ATSS Certifications: Valid vs. Invalid

Certification through the Association of Traumatic Stress Specialists (ATSS) has always aided trauma workers to become valuable service-providers. In this day and age, where there is a fairly constant need for trauma counselors, trauma specialists, and trauma responders, those who are certified to do this work have a leading edge over those who remain uncertified.

Unfortunately, the world-view of ATSS certification is being undermined by ATSS members with invalid certifications. Invalid ATSS certifications are held by those members who have let their membership and/or their certification lapse (usually due to non-payment of fees or lack of continuing education or both). Additionally, many of these members (with invalid ATSS certification) continue to promote themselves as ATSS certified. The truth is, if an ATSS member lets their membership or certification lapse, for whatever reason, their certification becomes invalid. One must be a member―in good standing―of ATSS to have a valid certification and one must keep the certification up to date for it to remain valid.

Those who have invalid certifications and continue to promote themselves as ATSS certified are committing, at least, a breach of ethics and, at most, an act that may be unlawful. The ethical issues associated with promoting an invalid certification should be obvious to most. However, the unlawfulness may not be so obvious. Many ATSS certified members are licensed to practice in their respective states. If their ATSS certification is invalid and they continue to promote themselves as certified, this is usually grounds to file a complaint to a licensing board. Further, if one obtains employment based on promoting an invalid certification, the employer can terminate the employment based on a false claim. Finally, the general public can take legal action against an individual who has an invalid ATSS certification for implying they are certified when they are not.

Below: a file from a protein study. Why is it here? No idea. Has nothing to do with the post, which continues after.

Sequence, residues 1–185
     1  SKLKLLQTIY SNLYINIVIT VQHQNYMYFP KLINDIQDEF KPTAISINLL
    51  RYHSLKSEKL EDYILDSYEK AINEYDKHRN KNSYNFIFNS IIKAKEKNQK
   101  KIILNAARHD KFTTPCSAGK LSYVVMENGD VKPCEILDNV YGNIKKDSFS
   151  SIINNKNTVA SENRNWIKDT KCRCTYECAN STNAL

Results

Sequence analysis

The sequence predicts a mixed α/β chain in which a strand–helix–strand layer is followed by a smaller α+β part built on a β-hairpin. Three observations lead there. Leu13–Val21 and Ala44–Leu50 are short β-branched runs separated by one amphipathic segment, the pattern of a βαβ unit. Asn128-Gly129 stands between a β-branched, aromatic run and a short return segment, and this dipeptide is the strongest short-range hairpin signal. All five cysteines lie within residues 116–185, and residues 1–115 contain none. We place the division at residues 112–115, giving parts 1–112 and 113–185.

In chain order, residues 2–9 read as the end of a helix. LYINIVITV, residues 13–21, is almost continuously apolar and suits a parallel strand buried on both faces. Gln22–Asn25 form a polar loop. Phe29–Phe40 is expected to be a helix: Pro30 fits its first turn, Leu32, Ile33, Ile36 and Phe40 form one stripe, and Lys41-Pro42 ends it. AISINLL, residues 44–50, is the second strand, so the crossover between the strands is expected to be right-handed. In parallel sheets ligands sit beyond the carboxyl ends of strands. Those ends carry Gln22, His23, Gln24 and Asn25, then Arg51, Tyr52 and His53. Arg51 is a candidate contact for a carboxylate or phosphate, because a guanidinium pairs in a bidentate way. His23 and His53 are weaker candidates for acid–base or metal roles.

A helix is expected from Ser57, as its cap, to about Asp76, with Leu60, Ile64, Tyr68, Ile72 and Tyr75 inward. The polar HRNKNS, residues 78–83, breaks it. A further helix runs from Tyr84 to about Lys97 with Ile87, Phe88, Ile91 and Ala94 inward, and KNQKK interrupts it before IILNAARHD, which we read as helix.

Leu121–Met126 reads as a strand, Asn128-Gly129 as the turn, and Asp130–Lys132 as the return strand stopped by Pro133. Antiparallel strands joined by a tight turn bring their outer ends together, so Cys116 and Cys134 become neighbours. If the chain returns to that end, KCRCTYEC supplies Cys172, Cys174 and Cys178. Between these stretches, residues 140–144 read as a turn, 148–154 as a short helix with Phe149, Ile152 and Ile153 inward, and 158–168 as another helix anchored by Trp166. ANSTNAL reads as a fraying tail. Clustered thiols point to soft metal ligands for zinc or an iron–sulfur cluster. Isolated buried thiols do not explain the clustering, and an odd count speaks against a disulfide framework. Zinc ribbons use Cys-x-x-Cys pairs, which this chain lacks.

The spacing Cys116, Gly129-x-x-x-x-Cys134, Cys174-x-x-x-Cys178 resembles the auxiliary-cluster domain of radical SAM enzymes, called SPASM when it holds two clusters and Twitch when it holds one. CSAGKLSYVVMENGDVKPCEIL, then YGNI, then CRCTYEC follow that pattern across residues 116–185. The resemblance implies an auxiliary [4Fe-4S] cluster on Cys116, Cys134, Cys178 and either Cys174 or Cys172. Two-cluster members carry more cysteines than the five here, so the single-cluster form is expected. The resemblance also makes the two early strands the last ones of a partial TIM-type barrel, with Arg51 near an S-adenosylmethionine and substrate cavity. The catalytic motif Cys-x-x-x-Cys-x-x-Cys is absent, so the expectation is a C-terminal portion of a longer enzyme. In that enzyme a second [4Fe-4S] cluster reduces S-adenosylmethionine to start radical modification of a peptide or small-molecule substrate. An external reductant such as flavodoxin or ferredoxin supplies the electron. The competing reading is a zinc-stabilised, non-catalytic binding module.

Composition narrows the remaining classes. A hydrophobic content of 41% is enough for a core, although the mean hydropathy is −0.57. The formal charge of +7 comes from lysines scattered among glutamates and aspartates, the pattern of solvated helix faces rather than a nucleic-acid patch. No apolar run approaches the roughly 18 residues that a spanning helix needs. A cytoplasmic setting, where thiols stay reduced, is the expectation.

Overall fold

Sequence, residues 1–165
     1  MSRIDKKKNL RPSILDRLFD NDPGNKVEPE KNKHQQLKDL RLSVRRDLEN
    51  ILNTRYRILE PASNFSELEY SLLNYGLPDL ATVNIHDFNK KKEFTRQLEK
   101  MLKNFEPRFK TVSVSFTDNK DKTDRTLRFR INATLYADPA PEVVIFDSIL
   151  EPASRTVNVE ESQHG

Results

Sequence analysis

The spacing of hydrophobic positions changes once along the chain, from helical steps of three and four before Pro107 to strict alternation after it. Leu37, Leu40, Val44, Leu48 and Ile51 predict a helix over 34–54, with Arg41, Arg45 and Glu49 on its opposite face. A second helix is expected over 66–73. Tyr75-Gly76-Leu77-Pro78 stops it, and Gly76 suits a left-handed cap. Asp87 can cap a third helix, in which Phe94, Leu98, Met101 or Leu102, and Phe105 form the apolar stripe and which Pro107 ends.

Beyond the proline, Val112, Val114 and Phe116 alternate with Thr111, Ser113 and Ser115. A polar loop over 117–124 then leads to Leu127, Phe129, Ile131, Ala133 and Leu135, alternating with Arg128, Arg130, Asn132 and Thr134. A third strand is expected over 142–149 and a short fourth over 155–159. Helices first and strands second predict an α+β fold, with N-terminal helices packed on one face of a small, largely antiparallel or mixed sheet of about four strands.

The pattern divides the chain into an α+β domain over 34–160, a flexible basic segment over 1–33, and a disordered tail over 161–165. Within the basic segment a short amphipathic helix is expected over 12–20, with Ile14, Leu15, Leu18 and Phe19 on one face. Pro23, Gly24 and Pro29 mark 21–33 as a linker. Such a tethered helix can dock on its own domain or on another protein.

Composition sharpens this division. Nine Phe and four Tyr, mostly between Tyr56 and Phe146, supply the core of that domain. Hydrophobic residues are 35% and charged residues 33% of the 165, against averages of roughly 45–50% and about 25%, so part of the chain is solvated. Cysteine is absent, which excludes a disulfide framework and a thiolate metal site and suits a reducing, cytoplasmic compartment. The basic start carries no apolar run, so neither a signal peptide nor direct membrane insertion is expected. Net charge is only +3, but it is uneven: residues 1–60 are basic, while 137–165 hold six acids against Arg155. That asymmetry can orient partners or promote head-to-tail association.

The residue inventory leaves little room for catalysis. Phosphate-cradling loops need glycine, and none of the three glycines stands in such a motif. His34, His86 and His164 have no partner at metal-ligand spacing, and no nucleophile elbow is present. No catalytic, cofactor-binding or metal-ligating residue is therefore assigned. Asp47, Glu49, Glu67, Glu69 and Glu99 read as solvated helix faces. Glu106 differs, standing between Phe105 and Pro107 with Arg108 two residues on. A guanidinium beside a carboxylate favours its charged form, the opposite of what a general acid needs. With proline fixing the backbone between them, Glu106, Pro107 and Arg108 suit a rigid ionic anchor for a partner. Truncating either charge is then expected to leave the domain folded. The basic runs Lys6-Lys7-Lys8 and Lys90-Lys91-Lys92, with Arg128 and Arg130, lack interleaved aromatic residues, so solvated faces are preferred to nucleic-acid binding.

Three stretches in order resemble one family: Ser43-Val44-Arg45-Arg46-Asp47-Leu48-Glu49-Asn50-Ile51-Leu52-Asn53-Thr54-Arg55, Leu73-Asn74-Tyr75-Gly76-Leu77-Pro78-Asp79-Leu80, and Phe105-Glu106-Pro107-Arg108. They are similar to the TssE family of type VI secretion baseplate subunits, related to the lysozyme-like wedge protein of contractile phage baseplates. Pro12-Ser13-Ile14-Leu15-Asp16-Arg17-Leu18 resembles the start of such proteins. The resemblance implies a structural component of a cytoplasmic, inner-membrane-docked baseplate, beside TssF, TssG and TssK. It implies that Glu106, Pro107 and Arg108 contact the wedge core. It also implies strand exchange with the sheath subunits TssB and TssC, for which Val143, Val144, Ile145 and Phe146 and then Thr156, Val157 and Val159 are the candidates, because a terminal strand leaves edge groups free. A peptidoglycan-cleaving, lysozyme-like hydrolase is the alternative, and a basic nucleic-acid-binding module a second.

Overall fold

The impetus of this commentary is to keep ATSS strong by strengthening the world-view of our certification. I invite you to renew your membership; pay your fees; bring your certification(s) up to date; get your continuing education credits. If you choose not to do so, please do not promote yourself as being certified by ATSS.